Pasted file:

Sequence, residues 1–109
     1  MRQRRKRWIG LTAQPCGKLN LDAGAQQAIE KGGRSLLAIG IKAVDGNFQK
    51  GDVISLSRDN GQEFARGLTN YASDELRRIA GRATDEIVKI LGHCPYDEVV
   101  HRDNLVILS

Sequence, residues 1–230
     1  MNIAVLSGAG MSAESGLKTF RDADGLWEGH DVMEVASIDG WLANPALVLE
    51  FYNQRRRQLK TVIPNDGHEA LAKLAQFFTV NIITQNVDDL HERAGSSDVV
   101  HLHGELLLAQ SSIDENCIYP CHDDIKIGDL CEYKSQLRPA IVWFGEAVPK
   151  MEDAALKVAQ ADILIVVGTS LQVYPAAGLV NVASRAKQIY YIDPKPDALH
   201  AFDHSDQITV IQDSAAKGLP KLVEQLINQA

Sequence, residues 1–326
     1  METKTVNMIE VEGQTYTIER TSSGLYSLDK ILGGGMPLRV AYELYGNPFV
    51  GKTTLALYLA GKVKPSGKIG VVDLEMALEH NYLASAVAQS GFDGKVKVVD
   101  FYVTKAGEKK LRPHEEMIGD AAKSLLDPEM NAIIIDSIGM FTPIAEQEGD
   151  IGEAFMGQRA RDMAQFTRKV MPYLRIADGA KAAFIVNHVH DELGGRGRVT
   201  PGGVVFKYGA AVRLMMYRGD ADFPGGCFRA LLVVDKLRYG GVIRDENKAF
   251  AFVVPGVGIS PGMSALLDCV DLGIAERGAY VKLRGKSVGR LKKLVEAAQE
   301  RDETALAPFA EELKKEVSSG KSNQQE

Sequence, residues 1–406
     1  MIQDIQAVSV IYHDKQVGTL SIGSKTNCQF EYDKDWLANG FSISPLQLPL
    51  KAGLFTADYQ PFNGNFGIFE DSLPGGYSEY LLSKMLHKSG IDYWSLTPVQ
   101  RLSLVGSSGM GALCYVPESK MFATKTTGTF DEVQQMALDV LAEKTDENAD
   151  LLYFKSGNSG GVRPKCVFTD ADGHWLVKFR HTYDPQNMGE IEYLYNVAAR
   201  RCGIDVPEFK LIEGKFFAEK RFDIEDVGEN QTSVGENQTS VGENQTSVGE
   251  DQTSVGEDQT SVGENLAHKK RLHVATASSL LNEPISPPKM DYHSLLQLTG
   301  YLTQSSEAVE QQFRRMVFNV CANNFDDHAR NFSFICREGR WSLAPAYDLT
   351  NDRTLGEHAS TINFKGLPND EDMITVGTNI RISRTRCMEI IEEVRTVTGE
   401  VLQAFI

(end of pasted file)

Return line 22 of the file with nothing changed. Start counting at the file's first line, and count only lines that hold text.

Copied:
   101  RLSLVGSSGM GALCYVPESK MFATKTTGTF DEVQQMALDV LAEKTDENAD